03-25-2008, 07:19 PM
Originally posted by Lurch1962:
1) "Warping" of the view. Wrong. The view through a backward-tilted plane parallel optical widow is displaced *only*, in this case downward. The light rays entering the glass are refracted downward while traveling within the glass, but exit in the same direction at which they entered. All parts of the image appear perfectly normal.

Try changing the angle you look through the glass. Light from an object in front will refract
differently than from an object above and front. Light from an object high enough will not
refract at all.

Solution is to sit back far enough that it does not change *much*.

03-25-2008, 07:42 PM
[QUOTE]Try changing the angle you look through the glass. Light from an object in front will refract
differently than from an object above and front. Light from an object high enough will not
refract at all.[\QUIOTE]

Your're 100% correct, Gunz. This would more properly be called distortion, where the image scale changes with angle. But this is so subtle over the relatively large angle that by itself would be completely imperceptible.

The only way to see it would be to have a somewhat nearby grid pattern against which the view through the glass and some immediately adjacent perspex could be compared.

But again, for distant scenery the effect is rather reduced as compared to what occurs for nearby objects. The key to understanding what I'm driving at is that the light enters and exits the glass in the same direction, i.e., the original path is not deviated *in angle* upon exiting. The lateral translation induced in non-perpendicular light rays leads to the apparent displacement of objects which are sufficiently near that parallax is perceptible.

03-25-2008, 07:58 PM
So, in layman's terms you are saying that the armored glass would not reduce the visible lower framework ("bar") of the windscreen?

03-25-2008, 08:10 PM
So, in layman's terms you are saying that the armored glass would not reduce the visible lower framework ("bar") of the windscreen?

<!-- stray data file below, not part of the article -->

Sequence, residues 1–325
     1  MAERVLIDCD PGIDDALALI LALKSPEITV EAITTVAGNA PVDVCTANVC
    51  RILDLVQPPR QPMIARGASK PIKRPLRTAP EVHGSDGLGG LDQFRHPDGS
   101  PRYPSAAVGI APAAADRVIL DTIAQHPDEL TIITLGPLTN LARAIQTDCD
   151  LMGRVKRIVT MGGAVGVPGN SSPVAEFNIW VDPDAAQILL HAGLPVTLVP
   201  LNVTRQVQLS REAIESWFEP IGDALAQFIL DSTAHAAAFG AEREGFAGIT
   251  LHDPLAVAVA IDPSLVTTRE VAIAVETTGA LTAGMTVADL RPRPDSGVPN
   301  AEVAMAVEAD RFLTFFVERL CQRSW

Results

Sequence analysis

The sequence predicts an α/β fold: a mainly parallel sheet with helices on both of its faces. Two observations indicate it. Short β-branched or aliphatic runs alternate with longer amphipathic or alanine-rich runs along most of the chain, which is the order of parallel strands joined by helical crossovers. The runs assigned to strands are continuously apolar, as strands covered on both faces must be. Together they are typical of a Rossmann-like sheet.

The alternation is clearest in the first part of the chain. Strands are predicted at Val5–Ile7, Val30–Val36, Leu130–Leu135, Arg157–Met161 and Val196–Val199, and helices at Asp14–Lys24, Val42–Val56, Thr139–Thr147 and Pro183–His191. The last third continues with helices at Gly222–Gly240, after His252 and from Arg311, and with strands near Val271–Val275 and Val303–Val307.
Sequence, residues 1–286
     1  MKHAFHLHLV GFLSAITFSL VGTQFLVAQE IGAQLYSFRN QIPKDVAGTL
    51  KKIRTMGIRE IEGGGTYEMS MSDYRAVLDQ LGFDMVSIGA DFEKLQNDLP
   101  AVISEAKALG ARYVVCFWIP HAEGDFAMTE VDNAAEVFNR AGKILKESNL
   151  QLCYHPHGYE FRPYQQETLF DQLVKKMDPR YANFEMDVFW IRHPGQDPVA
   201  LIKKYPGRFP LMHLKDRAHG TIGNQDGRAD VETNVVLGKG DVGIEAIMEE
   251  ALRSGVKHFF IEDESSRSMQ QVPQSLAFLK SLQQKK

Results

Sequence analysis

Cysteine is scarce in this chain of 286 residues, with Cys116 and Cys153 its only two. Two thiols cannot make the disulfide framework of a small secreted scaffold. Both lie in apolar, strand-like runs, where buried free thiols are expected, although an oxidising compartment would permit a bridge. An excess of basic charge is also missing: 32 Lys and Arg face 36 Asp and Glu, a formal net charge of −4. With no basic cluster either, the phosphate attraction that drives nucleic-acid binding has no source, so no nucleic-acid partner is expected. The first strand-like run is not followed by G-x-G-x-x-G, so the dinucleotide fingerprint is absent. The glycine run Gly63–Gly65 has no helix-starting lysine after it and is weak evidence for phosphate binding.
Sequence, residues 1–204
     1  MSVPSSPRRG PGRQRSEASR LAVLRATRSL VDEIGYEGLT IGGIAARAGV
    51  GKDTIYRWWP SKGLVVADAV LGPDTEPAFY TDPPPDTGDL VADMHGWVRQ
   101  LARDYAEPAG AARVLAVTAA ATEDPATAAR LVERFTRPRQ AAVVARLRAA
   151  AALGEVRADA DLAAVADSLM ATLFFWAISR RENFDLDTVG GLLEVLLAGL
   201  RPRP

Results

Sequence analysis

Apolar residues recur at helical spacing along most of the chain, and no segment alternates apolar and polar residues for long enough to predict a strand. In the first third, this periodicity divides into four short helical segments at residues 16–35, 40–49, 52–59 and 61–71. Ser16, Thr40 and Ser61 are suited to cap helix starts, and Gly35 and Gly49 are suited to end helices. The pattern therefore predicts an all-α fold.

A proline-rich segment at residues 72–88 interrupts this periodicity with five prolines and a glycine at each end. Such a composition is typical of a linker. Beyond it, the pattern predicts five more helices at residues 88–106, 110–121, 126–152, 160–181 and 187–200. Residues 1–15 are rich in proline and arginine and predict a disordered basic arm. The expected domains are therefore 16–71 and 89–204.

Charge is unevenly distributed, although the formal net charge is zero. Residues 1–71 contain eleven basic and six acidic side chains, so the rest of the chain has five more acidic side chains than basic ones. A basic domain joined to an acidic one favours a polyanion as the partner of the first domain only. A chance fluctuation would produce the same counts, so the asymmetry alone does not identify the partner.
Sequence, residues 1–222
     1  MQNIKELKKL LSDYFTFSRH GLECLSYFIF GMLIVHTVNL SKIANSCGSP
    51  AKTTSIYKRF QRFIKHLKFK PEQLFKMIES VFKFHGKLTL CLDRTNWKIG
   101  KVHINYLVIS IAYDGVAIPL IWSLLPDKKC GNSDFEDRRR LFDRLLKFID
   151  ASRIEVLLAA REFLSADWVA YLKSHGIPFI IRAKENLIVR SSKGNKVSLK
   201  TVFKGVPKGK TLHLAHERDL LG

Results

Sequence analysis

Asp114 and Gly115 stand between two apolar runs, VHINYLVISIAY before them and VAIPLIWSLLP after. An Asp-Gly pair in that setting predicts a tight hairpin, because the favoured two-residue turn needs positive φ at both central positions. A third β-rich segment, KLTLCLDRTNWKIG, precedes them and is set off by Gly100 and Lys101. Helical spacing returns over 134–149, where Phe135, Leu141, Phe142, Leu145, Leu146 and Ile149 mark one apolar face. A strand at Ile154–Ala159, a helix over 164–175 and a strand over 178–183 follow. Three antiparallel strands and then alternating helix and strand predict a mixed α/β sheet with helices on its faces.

Didn't say that, or even address the issue specifically. But the answer was implied in a subtle way when I stated that the refraction operated in the downward direction when the plate is angled back. Furthermore, I elaborated at length on the fact that *nearby* objects are more displaced that those farther away, and the outer frame which is in actual contact with the glass would most certainly qualify as being close--as close as something on the outside could get.

Holding the thick glass plate in hand right now, this is amply verified. That is, the outside lower frame would be quite noticeably displaced downward, so that it would probably extend upward to one-half to two-thirds the un-refracted height.

03-25-2008, 09:06 PM
Just conducted an experiment, by making a crude "model" of the front of a plane to gauge the effect of the tilted thick glass plate. And it confirmed my thoughts on the matter.

In a nutshell, the thick plate has the effect of raising the pilot's viewing position by an amount equal to the lateral displacement of the refracted light path.

How did I conduct this experiment?

A flat piece of cardboard stood in as the the engine cowling, which I laid flat on the corner of a bench. An identical bench, some distance away, was to serve as a target which was centered in our gun sight, about to get blasted. So the cardboard and distant bench top were necessarily co-planar. (If the cardboard was long enough, it's far edge would have aligned exactly with the bench's edge at the top surface.)

Against the near edge of the cardboard I placed the glass plate so that its lower edge was *below* the cardboard and tilted back at a fairly steep incline. (In the FW the lower edge of the glass is *not* below the cowling's top surface, but I did this so that I could more clearly see the refraction in operation right up to the glass surface--think of this edge as the external frame "bar" we all gripe about.)

In this crude "model" the far end of the cardboard represents the farthest visible portion of the cowling, as might be seen from the cockpit.

What do I see when I sight *exactly* along the top surface of the cardboard, but just to one side of the glass plate, i.e., NOT looking through the glass? The cardboard's surface seems to merge into the top surface of the distant bench, because they are co-planar, as already stated.

But here's the neat part. Without changing my eye's position whatsoever, but now sighting through the glass, I see the following;
1) the edge of the cardboard in contact with the front surface of the glass is displaced downward quite noticeably,
2) the far edge of the cardboard is displaced downward by a smaller amount,
3) the distant bench top is hardly displaced downward at all, and
4) Where there was none visible before, there was now a very clear "gap" of empty space between the cardboard's far edge and the distant bench top.